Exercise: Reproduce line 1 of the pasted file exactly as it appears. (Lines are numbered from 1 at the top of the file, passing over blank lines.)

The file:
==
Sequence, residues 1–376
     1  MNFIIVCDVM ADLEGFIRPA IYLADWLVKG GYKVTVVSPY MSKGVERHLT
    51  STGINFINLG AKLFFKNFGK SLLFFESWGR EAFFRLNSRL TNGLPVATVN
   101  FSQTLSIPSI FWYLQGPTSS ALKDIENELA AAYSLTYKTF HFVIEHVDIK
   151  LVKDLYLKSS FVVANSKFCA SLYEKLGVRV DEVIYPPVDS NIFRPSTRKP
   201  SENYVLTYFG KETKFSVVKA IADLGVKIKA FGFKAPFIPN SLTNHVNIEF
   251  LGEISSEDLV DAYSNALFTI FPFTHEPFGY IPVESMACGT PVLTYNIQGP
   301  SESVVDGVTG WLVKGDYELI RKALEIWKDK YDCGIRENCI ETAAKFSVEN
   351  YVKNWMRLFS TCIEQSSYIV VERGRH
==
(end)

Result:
Sequence, residues 1–376